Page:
Housing inventory is low?

Discussion in 'Economics' started by TraderD, Feb 9, 2004.

  1. TraderD


    Is this a reality or a myth circulated by interest groups to draw in suckers?

    I am reluctantly looking for a house. So, my agent (pretty decent guy) sends this to me (we had a prior talk on low inventory):

    "...... Friendly warning:the prices will increase sharp and will see crazy market in very short time. ...."

    My reply:

    "...By accident I watched a local evening news. They have actually talked about housing inventory statistics in WA state (you mentioned this to me earlier). According to them, inventory is down 13% comparing to January of 2003. They talked about it very seriously... Well, to me fluctuation of such magnitude does not seem to be a significant number, especially when in low interest environment...."

    What do you think?
  2. pspr


    Sounds like it is already priced into the market. Look at building starts for your area.

    My experience with Realtors, even those who are friends, is that they are motivated to get one to act. They implore the buyer to buy now because of this or that and implore the seller to lower their price too quickly if someone isn't right there to buy it now.

    They have a mind set that they have to limit the amount of time spent with each seller and buyer so they can go on to the next or have time to concentrate on prospecting in order to increase their income. So their motivation is to do what it takes to get a contract signed as soon as possible.
  3. IMO the inventory is quite low, and that is one factor keeping housing strong. One of the things keeping inventory low is people realize while they can command a very high price for their existing home, any potential home they may consider (providing they want to stay in the area) will be priced even higher.

    That presents all sorts of problems with very high real estate taxes, etc. So many stay where they are. It would be quite the time to sell in these high priced areas if one were considering moving to a lessor appreciating area, say like South Dakota, etc

    I feel this is a poor time to buy, especially for a first time buyer....but this subject has been well covered recently in a few other threads. It is very hard to see right now while in the midst of a hot market, but I feel there will be better times ahead for purchasing real estate. Don't be bullied into buying, rather buy when no one else wants real estate.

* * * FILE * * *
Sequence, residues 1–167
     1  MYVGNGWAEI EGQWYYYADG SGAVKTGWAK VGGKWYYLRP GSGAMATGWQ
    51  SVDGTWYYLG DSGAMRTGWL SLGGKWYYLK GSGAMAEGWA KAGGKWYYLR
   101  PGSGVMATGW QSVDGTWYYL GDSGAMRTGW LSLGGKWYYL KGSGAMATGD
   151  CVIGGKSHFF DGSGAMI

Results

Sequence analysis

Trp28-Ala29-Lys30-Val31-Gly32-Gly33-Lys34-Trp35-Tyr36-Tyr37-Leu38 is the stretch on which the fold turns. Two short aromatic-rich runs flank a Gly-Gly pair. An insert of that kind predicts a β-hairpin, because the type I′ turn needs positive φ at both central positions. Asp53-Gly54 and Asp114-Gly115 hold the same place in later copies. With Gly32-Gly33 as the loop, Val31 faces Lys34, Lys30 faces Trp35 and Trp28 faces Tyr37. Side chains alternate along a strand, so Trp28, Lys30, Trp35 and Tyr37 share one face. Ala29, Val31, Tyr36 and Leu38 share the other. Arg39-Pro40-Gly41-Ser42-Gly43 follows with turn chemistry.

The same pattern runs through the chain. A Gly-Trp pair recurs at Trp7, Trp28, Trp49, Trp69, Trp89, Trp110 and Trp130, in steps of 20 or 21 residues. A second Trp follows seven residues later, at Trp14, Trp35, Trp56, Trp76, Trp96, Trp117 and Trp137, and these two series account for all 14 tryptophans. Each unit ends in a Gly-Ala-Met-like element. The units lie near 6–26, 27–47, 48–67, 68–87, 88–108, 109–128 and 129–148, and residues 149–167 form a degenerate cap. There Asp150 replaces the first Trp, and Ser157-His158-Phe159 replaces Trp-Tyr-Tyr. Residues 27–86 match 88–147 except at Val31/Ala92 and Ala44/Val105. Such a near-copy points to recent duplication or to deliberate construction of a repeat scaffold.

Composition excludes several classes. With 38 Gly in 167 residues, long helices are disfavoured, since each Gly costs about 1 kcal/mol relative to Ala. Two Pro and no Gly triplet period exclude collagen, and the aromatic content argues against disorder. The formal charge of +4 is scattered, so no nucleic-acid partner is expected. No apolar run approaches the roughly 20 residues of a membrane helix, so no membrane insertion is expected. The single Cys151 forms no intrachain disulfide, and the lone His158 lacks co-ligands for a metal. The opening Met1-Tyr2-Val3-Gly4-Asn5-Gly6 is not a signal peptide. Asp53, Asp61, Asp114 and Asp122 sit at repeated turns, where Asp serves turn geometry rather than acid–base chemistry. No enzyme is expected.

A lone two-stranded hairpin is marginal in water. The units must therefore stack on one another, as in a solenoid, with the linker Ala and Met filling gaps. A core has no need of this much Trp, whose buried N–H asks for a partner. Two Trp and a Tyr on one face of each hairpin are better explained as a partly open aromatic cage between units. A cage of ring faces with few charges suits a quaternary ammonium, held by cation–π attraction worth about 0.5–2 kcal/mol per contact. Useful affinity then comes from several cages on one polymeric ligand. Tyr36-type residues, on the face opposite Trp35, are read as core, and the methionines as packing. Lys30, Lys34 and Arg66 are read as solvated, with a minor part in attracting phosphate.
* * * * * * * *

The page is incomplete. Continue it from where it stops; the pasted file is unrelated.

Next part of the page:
4. TraderD


    Yes, I would dismiss this as a sales pitch, but in addition to his info some valid stats exist as well...
  5. If inventory has declined, and the buyers come out in the spring due to low rates, without a corresponding increase in inventory....well, maybe your realtor is right. Lower supply, same or higher demand equals rising prices.

    That said, realtors are noted for statements which cause one to act...that's how they make money, just as the prior poster said. And the truth is, he does not know the future. The problem is, you don't either.

    Inventories typically decline in the December-Februrary type of period because of seasonal factors. Inventories usually start to build up in the springtime...which is generally the prime home buying season. The buyers will be out in force at that time generally.

    But frankly, if you're going to buy a house, the most important financial factor in the short run is the interest rate. And as you know, those are low and favorable.

  6. pspr


    Do your own analysis. Find out monthly single family home sales, building starts, homes on the market, and where they have been in recent months and what has happened to priced during those times.

    But don't just buy something you won't be happy with or you'll be sorry for a long time.
  7. I'm surprised no one has mentioned that many people are buying second homes thus increasing the unavailability of houses.

  8. You bet. Demand surpluses supply.
  9. TraderD


    This crossed my mind not just once. The question is what is the percentage of homes bought for cashflow/speculation. If that percentage is large and people get overextended, bad things may happen. I have recently talked with a property manager - she said business is so-so...
  10. Most of the people declaring bankruptcies in the past few years cited credit card debt and a loss of income as the source of their financial problems. Maybe people who buy second houses are a little more responsible with their finances than our plastic charging friends. Who knows.
    #10     Feb 10, 2004